Chapter 5: Some basic tools of economics: firm behavior, supply, and equilibrium in a market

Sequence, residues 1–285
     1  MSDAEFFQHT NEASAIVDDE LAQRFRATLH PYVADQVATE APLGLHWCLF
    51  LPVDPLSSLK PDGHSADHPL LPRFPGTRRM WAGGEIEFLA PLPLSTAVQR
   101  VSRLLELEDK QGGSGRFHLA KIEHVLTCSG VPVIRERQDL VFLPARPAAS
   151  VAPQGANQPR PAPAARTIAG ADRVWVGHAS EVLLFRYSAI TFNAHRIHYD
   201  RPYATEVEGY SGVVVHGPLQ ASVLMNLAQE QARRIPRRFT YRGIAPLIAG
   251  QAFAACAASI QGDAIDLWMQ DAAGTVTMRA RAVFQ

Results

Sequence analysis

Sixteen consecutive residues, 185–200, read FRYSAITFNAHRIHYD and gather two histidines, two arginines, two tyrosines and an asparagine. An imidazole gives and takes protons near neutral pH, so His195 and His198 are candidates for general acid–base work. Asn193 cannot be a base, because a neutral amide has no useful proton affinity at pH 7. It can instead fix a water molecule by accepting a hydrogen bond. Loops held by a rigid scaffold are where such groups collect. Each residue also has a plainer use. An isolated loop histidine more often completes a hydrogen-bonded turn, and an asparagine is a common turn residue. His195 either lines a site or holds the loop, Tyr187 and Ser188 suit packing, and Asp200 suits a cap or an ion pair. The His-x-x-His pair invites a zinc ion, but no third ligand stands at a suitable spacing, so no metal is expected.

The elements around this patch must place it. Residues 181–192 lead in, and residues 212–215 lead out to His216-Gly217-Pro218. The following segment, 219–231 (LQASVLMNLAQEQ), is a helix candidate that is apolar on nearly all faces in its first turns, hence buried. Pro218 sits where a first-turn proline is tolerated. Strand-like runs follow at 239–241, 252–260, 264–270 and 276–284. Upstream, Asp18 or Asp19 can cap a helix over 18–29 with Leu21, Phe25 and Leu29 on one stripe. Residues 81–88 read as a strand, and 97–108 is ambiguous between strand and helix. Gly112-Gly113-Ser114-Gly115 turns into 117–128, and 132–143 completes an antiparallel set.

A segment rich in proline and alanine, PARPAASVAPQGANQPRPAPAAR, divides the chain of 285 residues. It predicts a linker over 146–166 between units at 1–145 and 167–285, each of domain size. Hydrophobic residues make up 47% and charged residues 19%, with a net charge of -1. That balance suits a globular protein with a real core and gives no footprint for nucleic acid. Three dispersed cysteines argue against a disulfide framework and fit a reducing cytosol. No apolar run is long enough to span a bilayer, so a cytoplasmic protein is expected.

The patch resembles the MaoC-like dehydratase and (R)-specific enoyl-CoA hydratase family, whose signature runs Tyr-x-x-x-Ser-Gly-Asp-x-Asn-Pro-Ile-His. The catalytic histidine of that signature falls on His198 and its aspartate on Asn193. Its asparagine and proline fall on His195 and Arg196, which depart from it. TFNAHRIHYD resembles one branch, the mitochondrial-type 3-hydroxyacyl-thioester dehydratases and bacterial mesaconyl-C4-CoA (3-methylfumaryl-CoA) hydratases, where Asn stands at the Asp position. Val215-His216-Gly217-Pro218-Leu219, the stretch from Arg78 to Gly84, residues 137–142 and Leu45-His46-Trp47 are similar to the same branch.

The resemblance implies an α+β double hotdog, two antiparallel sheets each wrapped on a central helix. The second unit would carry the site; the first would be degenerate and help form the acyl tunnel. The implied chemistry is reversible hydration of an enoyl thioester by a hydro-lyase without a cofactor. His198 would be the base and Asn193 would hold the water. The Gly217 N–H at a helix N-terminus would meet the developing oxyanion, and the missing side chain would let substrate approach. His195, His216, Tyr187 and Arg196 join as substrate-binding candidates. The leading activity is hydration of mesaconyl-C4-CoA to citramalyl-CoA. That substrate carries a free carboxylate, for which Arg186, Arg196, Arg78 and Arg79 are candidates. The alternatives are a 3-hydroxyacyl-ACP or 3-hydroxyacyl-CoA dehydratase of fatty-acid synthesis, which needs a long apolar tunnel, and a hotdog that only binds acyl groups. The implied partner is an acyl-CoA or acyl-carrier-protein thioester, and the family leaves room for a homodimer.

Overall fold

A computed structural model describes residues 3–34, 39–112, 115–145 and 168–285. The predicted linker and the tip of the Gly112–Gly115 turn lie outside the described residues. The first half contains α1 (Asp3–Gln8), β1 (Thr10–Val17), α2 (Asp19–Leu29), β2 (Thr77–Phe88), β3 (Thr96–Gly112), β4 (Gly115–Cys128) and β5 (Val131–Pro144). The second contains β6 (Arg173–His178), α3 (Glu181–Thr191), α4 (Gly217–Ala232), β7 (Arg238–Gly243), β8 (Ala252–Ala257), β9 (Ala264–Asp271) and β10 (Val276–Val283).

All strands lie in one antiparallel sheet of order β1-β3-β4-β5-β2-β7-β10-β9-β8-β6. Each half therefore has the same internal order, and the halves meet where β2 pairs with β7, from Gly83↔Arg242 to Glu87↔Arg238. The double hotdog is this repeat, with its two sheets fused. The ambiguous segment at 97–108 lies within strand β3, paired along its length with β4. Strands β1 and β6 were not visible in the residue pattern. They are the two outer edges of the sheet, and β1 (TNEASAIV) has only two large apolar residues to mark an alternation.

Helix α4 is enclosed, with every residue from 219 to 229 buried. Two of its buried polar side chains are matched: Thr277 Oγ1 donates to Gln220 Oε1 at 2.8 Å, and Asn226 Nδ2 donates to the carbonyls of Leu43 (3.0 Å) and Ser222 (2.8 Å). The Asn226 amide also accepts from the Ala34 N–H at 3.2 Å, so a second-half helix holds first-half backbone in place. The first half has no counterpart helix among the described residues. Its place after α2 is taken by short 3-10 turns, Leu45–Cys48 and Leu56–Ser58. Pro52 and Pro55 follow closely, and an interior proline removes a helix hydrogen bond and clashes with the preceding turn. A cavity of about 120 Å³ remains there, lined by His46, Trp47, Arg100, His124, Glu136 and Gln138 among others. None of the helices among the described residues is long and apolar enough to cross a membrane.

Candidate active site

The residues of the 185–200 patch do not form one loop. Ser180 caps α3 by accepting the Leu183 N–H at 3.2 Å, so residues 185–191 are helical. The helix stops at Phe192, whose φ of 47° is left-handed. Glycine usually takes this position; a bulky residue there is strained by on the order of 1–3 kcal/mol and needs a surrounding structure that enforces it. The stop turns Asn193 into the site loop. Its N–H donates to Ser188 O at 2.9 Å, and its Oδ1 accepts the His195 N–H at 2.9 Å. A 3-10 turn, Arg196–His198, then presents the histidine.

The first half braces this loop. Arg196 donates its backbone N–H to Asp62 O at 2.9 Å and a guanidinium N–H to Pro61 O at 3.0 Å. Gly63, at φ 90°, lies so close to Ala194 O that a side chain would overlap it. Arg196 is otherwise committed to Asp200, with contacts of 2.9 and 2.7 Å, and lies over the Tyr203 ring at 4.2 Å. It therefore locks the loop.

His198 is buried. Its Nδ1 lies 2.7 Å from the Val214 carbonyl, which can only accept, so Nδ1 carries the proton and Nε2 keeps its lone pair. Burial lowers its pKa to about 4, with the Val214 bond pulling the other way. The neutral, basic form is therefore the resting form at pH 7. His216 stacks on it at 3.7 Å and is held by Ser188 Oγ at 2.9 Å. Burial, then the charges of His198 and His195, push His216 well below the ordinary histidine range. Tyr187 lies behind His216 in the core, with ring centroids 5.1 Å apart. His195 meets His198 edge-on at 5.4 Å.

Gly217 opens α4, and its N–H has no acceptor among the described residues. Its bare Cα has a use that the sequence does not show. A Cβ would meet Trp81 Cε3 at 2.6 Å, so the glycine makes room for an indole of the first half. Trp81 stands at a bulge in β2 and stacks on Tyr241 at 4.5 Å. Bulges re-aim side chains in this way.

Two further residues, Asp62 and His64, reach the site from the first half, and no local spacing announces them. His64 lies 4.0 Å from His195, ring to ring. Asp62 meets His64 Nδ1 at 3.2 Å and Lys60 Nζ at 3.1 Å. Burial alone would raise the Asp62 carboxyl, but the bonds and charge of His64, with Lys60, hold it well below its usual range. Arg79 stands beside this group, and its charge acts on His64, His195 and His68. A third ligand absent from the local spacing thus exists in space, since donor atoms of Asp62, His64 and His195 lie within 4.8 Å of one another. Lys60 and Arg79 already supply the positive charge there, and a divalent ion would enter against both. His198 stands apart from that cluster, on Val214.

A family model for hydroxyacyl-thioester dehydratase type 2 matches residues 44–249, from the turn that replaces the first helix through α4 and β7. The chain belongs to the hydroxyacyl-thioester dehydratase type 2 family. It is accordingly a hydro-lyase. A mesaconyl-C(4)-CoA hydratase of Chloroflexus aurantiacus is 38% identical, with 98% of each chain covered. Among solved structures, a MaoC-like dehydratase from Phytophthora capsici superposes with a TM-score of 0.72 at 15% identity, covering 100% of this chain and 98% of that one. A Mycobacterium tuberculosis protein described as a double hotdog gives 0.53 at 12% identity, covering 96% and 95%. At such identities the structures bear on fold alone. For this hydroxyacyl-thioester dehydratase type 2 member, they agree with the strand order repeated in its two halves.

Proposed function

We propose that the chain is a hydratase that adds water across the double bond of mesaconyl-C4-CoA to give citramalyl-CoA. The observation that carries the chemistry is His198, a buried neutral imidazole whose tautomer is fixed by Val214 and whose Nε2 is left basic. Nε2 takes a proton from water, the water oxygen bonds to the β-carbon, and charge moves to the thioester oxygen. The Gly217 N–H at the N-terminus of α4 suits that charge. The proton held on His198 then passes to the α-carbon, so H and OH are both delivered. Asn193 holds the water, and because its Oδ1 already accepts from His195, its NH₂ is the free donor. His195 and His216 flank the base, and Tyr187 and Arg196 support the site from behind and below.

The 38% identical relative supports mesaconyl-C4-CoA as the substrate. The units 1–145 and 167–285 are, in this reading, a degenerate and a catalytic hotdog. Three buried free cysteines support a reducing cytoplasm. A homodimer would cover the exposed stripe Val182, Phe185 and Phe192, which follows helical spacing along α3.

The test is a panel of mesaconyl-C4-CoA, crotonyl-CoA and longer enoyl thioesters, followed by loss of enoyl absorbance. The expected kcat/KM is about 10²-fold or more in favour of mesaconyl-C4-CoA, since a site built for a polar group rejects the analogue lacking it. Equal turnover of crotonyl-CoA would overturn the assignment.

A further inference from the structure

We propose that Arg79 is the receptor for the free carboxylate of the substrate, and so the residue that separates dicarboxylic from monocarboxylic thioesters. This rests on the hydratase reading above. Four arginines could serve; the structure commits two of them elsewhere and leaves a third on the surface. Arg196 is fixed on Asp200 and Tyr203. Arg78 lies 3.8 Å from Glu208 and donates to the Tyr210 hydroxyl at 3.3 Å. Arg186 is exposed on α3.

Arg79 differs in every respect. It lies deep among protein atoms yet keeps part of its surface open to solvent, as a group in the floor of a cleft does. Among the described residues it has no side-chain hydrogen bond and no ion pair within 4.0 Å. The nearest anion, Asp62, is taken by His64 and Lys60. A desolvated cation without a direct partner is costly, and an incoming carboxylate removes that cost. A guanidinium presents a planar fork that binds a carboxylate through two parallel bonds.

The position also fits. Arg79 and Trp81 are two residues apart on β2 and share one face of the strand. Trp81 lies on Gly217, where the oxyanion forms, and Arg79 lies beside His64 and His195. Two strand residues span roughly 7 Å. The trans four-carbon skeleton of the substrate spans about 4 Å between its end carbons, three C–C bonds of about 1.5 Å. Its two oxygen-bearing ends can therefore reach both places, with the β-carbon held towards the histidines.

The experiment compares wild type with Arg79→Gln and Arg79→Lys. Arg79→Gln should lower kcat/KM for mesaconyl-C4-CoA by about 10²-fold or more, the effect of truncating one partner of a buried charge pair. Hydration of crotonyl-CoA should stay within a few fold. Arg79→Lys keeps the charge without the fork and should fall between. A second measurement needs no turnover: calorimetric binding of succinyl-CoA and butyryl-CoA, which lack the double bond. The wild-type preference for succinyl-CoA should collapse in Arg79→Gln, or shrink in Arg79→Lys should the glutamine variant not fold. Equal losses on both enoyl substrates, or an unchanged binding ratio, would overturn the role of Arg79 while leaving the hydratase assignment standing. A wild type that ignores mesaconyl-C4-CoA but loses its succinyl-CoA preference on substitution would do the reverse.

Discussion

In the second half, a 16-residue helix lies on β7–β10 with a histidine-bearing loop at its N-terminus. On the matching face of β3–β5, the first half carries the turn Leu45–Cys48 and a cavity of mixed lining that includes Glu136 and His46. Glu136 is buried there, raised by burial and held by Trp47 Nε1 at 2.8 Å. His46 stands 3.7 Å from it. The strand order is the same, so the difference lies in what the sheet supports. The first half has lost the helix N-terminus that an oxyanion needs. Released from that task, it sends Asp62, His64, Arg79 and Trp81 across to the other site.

An underlying theme of this book is transactions. Our closer look at the decision to transact has begun with the one most familiar to most of us, namely, buying and selling consumer goods such as bottles of wine. We have already discussed the consumer side of that transaction, and we turn now to the supplier of those goods. Who supplies the goods that consumers want? One way or another, they are producers—organizations (“businesses”) that acquire and manage productive resources from raw materials and employees to machines, land, structures, and advertising to produce and sell goods usually to make a profit which, for now, we consider to be sales revenues exceeding production costs. In this chapter, we analyze supply behavior and then put buyers and sellers together to see how the market works. While the demand side of markets tends to be relatively unorganized, industry structure on the supply side can make a difference, and we discuss that. We close the chapter with a discussion of the challenge of asymmetric information.
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